There's a $6.95 delivery fee for orders of more than $100, which our order is; the fee is $9.95 for orders of less than $100. Tipping is optional, but you bet I'll tip the driver for making things easy for us. We can pay on the site by credit card, debit card, or direct debit from our checking account. Next time, I'll choose the latter option because we always shop on the same day and have put aside the funds for it, so why not just put those funds in the bank account instead of carrying cash to the store? And next week, shopping online will be even easier, because Peapod will have kept track of what we bought, so that we can buy the same things if we need them again.

This seems like a wonderful service for families with kids. What we've done for years is this: Ed gets home from work at 6 p.m. On Tuesday nights, after he's cooked dinner (while I'm still working), we all eat together. He makes the grocery list and then heads to the store to shop. (No way to we want to shop on weekends, because the store's a madhouse then. And I'm not going to stop work on a weekday to do shopping while the kids are in school, with a sitter [in-laws], or with me [ack!].) Meanwhile, I wrangle the boys through bath time and into bed.

But with this service, Ed can stay home and we can double-team the boys. A much more restful evening!

I'll let you know how well we like the quality of the fresh foods after they're delivered tomorrow evening.

Damn, but I love the Internet!

Update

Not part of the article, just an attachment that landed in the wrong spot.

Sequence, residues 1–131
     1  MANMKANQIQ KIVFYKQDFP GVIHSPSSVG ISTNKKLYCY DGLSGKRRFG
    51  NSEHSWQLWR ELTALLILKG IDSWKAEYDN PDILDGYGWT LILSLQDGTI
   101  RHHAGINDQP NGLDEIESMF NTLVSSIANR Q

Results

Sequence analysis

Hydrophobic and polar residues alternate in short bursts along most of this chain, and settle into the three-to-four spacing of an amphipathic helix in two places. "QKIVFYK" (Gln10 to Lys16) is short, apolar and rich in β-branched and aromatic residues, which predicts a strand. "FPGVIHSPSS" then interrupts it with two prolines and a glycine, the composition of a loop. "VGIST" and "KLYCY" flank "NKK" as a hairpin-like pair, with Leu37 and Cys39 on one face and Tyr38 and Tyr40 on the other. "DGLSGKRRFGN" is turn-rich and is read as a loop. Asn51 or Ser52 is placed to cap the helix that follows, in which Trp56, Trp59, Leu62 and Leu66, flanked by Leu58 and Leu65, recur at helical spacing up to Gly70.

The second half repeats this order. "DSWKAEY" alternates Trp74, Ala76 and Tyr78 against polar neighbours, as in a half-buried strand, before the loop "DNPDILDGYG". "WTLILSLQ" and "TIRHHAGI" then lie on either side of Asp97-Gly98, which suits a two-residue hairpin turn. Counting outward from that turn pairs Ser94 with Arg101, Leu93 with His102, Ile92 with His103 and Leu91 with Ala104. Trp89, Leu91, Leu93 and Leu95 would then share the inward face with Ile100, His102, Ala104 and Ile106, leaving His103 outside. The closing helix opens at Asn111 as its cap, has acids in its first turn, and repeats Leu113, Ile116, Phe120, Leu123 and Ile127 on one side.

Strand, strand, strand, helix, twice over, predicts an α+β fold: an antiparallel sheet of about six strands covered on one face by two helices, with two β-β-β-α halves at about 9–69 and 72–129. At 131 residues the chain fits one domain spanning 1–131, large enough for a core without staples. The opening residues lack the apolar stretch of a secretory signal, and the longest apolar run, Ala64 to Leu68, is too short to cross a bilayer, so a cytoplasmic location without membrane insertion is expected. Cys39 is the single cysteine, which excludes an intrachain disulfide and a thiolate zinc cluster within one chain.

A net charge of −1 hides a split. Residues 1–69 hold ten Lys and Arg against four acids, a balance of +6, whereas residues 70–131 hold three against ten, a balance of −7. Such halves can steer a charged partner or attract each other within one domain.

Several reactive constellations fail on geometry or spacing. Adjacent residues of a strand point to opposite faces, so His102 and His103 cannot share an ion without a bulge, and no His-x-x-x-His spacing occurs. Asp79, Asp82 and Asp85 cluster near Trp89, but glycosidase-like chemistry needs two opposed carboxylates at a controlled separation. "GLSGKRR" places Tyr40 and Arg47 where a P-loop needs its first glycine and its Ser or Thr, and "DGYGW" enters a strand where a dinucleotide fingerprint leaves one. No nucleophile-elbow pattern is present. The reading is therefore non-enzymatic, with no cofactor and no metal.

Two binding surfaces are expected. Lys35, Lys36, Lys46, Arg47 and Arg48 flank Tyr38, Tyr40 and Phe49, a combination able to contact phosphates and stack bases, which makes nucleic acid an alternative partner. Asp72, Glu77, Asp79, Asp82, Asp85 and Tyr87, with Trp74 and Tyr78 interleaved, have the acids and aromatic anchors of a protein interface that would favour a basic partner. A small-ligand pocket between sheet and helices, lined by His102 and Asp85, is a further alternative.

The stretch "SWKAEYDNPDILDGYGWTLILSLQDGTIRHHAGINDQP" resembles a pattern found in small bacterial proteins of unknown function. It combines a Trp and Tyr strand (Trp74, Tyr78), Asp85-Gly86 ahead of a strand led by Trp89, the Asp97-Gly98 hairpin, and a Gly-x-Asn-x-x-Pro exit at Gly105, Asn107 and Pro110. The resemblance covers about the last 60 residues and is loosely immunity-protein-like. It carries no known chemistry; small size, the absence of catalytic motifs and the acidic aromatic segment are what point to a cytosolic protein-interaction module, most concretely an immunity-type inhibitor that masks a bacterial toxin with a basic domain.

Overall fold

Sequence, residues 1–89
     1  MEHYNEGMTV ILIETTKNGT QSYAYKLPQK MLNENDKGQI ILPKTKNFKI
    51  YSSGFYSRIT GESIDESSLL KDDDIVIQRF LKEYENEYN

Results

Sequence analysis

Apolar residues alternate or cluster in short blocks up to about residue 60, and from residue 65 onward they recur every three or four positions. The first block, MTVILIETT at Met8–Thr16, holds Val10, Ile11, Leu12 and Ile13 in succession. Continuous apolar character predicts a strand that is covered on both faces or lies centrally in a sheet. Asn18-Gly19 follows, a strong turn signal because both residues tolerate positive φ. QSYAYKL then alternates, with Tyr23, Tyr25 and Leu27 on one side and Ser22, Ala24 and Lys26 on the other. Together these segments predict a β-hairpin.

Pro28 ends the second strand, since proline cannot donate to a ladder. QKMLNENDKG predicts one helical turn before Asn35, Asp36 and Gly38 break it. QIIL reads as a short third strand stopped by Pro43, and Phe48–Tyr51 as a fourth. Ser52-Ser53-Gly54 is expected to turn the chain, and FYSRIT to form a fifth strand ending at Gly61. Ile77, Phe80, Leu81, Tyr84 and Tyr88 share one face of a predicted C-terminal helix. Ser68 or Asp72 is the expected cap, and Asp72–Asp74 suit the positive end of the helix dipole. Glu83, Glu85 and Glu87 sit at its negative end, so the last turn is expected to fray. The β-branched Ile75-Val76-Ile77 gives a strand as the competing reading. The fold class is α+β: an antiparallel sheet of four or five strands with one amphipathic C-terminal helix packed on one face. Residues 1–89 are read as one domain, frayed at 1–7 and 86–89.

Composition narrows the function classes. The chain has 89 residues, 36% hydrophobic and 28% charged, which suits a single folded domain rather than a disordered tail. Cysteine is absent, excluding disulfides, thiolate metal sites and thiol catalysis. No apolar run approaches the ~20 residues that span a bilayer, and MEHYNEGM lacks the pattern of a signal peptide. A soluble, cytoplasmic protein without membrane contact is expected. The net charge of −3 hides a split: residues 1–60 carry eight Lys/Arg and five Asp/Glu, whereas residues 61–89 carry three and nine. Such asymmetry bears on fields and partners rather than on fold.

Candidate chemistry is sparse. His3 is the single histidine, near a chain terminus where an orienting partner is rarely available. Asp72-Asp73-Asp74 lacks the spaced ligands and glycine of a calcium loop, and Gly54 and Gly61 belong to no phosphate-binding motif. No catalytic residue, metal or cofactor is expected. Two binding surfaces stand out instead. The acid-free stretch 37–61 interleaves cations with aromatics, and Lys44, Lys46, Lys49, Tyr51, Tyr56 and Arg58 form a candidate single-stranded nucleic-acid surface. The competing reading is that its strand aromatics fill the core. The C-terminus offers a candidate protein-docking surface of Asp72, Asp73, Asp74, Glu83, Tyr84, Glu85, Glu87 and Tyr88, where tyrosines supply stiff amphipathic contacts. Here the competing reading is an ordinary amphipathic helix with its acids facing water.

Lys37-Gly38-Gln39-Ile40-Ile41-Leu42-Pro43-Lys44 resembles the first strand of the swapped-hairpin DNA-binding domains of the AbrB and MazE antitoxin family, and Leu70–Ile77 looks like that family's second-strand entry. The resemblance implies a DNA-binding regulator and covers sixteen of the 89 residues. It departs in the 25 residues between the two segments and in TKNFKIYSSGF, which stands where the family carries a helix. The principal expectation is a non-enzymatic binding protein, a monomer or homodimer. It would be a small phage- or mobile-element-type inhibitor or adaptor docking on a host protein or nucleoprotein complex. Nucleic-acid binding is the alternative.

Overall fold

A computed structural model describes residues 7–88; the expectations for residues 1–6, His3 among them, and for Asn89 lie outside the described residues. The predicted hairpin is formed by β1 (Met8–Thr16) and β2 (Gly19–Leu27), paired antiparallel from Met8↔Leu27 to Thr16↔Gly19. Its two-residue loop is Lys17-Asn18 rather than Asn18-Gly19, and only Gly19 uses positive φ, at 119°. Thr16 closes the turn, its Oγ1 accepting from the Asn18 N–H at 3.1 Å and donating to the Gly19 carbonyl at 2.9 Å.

4 comments:

The Fat Lady Sings said...

I wish Peapod operated out here. It's a 45 minute drive to the nearest grocery store. In fact - it takes that long to get to the nearest anything (except the vet, which is the only one for miles). We do most of our other shopping on line as a result. The huge shopping sector in our area handles 4 counties of people. As a result, it is packed to the gills every second of every day. We avoid the crowds as much as possible.

Katharine said...

Yup. I buy just about everything online (clothing, office supplies), even though it's easily accessible here in the Land of Malls (aka Long Island), because I hate the crowds—and the shopaholic mentality here. Shopping in person here seems to be a social ritual for many. Not for me. It's a chore that I want done quickly so that I can get on with real life.

Cris said...

Oh how I love the internet too! I shop regularly at drugstore.com. I haven't bought toothpaste and tampons from the store for years now. Conveniently delivered to me, and most of the time, they have free gifts. Plus shipping is always free :-)

Aniket said...

Hi, This is Aniket Nikhade. My email address is aniketnikhade@hotmail.com. First of I would like to say few things when I read your short, sweet, but perfect article "Groceries Delivered to Your Front Door" I am commerce student and after reading the article I was amazed because your article has got a tremendous amount of clarity and smoothness as far as flow of words is concerned. Coming back to the core suject of the article I would like to mention that this process is a combination of networking and proper, sound administration because of which the customer gets benefited. Anyway, specifically what I like about the article was the fact that as a writer you never pretended. In developing countries like mine, INDIA, this system is also exists and is advancing with time, changes that are made with respect to technology. Wanted to hear from you more about commerce, blooging, and copywriting, great, terrific.